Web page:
You want nothing more than to shut your eyes and get some much-needed rest, but your spouse’s snoring starts up and you find it impossible to sleep with the noise. While most people snore from time to time, 37 million people in the United States admit to regular snoring.
There are many reasons why people snore regularly, and Dr. Cecil Yeung and the team here at Houston Sinus Surgery want to review some of the more common ones here.
Any time someone snores at night, the problem is caused by an obstruction that’s blocking the free flow of air. As a result, the person needs to force air through a tighter passageway, which can cause the muscles and soft tissues in their throat to vibrate.
In this blog post, we’re concentrating on chronic snoring, not snoring related to issues that pose temporary obstructions in the airways, such as nasal congestion due to a cold or loosened throat muscles due to alcohol.
Some of the more common culprits when it comes to ongoing problems with snoring include:
People who are obese are more prone to snoring because of excess tissue and fat around their throats, which can narrow their airways.
The thin piece of tissue that splits your nose into two nostrils is called a septum. Under ideal circumstances, the septum would neatly divide the space into two equally sized nostrils, but this is rarely the case. Most people have mild deviations in their septums, but a deviation that’s moderate to severe can hamper the flow of air and cause snoring.
Another possible cause for your spouse’s snoring may be the presence of numerous or large nasal polyps, which are benign growths in the nasal passages.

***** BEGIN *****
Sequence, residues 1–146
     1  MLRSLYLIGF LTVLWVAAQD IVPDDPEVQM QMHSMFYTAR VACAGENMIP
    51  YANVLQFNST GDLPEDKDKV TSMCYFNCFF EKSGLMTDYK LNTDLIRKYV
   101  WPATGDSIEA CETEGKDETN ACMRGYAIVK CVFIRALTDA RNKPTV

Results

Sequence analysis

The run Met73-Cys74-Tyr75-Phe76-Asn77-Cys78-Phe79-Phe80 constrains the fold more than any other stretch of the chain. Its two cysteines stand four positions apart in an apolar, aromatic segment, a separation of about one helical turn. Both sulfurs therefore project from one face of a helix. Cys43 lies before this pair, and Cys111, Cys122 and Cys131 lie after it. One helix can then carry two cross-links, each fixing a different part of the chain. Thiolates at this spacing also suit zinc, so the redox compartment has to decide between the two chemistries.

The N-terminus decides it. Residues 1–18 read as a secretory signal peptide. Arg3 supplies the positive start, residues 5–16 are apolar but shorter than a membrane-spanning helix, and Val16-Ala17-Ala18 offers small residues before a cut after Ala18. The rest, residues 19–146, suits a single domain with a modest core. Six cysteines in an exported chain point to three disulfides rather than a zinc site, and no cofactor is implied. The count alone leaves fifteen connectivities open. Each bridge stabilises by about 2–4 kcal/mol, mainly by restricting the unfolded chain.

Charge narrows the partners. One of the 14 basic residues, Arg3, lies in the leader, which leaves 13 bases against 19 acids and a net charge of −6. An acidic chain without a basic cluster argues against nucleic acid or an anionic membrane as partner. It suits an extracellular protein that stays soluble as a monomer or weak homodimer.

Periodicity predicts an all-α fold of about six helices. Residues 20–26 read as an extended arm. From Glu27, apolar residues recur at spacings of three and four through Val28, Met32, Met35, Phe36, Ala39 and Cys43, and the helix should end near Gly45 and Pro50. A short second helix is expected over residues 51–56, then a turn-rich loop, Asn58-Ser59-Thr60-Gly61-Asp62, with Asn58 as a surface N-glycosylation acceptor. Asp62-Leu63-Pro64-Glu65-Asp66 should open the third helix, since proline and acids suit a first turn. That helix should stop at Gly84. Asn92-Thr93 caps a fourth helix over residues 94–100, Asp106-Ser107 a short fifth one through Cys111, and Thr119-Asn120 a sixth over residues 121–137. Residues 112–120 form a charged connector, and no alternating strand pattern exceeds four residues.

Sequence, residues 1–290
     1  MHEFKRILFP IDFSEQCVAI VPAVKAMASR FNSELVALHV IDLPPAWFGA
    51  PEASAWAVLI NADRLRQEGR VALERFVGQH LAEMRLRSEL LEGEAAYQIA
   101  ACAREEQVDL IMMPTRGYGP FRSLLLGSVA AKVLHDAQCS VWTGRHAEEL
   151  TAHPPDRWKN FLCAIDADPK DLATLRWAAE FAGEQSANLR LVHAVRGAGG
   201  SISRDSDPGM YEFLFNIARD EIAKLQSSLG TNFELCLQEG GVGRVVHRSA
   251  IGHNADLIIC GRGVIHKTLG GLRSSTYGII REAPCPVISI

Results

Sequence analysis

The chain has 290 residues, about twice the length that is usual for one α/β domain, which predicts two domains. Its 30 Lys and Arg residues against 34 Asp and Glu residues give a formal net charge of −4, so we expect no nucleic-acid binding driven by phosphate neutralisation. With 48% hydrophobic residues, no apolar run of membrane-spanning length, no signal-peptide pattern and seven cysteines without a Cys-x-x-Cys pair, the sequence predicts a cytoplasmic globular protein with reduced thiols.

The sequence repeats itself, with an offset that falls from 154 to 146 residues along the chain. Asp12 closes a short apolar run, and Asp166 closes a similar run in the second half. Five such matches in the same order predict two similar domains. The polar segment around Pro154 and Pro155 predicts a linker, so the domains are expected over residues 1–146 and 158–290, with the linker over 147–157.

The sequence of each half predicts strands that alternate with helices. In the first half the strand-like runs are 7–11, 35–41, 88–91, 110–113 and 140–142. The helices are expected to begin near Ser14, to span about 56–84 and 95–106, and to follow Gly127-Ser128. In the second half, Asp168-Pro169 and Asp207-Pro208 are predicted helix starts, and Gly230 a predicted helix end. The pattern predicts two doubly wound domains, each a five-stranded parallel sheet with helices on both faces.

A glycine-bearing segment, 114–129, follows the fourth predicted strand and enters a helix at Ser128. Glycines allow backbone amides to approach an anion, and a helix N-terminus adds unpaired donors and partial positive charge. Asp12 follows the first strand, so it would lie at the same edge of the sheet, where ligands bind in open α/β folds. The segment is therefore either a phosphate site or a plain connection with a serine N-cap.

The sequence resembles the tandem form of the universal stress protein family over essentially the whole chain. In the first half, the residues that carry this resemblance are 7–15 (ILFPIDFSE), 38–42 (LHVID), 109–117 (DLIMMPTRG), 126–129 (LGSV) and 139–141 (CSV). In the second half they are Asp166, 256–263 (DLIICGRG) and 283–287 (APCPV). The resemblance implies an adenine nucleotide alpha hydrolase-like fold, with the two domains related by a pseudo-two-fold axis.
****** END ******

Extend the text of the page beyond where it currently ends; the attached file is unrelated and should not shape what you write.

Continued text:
Research suggests that 10-30% of adults in the United States have obstructive sleep apnea, a condition in which the soft tissues at the back of the throat collapse and block airflow. When the soft tissues collapse — which can happen many times during the night — the sufferer awakens briefly to clear their throat and start breathing again.
Aside from the list above, there are other reasons why your spouse may snore regularly, such as structural abnormalities in their airways or weak muscles in their throat and/or tongue. Or, the problem could occur because your spouse sleeps on their back, which allows their tongue to slide backward and block their throat.
The best way to find out what’s behind your spouse’s snoring is to come see us for a full evaluation. Once we diagnose what the cause is, we can recommend treatment and help you both sleep more soundly.
To get to the bottom of your spouse’s snoring, call our Houston office at 713-795-4886 or book an appointment online today.